17 Burst results for "jonathan fields"

"jonathan fields" Discussed on Design Matters with Debbie Millman

Design Matters with Debbie Millman

02:13 min | 2 months ago

"jonathan fields" Discussed on Design Matters with Debbie Millman

"The bargain that they want to continue to make moving forward So there's a lot of people resigning from jobs. Many of them without knowing what the next step is my my big concern with that. Is that if you do that before. Actually doing the work understand. What is the impulse for. That makes me come alive and then look at the work that you're doing and say how can i make this as good as it possibly can be now. What are all the different ways. That i may be able to reimagined or reorient. The work that i'm doing maybe even outside of my job description but there are opportunities within the place that mad to actually express this thing and we have to just really make it as good as it can be in. How can i do that. I and maybe that actually gives me a lot closer there. If we're not doing that work first and then we just jettison ourselves from the place we are and we look for something else. That just feels different enough without understanding. Why we're actually saying yes to that new thing. There's a really good chance we're gonna find ourselves eighteen months from now sitting in an office with different paint on the walls and new boss a new team a new product in new brand new service. Feeling the exact same way and that's a huge concern for me. So i really strongly recommend i do the work. Then do the work of optimizing the thing that you're doing now to allow that to come out as much as humanly possible very often get you so much closer to the feeling that you want that. You're actually pretty cool staying and then you don't have to go through the disruption than the pain of the big change and even if it doesn't then look for all sorts of opportunities to do on the side whether it's hobby or devotion or passion or an activity that you do because that can then blend with a much more sparked optimized Job to give you what you need if you get all the way there and you're still not getting it. Then at that point you start to do the exploration of okay. So maybe i have to do something more disruptive but if you do you're leaving that current thing not from a place of dejection and ignorance but from a place of in formation and agency and also chances are psychologically you'll be in a much more emboldened and alive place. Jonathan.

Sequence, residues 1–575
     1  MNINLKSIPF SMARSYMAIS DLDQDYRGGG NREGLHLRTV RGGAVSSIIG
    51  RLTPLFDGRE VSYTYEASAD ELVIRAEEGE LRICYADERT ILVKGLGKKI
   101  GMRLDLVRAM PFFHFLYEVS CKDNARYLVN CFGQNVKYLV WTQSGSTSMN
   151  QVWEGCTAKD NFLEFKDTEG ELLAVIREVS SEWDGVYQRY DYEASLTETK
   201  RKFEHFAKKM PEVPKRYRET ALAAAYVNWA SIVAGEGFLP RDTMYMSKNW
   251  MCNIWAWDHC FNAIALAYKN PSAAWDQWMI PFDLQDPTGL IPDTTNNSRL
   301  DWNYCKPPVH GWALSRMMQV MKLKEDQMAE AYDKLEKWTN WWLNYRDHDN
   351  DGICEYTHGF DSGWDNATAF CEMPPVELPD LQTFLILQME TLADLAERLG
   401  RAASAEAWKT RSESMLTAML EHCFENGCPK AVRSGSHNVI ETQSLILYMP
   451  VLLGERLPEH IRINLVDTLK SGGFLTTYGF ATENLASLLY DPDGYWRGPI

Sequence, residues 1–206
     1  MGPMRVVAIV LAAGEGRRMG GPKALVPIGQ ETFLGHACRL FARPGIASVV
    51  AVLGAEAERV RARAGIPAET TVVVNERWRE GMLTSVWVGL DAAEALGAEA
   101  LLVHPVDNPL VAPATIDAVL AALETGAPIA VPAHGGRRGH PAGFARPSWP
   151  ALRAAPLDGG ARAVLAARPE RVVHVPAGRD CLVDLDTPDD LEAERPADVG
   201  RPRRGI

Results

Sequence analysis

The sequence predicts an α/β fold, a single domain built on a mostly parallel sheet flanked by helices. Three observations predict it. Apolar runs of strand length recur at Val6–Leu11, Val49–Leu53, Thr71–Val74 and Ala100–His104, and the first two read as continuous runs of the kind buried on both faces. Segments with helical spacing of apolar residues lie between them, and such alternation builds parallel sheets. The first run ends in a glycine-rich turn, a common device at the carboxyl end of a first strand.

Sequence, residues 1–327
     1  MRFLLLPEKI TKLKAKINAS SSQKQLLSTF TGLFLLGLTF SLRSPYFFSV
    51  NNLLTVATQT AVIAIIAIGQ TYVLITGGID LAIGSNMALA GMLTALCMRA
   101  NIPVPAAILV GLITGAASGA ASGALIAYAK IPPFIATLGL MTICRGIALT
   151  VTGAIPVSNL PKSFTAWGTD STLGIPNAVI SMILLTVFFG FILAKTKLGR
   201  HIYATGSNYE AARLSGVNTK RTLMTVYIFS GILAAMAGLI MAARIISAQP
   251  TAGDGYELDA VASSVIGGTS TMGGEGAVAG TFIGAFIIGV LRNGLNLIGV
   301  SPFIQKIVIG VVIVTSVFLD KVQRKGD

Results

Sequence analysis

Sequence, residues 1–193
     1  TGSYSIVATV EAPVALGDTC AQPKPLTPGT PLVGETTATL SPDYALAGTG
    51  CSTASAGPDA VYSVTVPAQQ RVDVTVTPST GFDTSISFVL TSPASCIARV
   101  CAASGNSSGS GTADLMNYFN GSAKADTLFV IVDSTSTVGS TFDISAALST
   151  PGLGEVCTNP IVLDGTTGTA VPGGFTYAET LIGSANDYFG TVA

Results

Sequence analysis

Jonathan
"jonathan fields" Discussed on Design Matters with Debbie Millman

Design Matters with Debbie Millman

06:28 min | 2 months ago

"jonathan fields" Discussed on Design Matters with Debbie Millman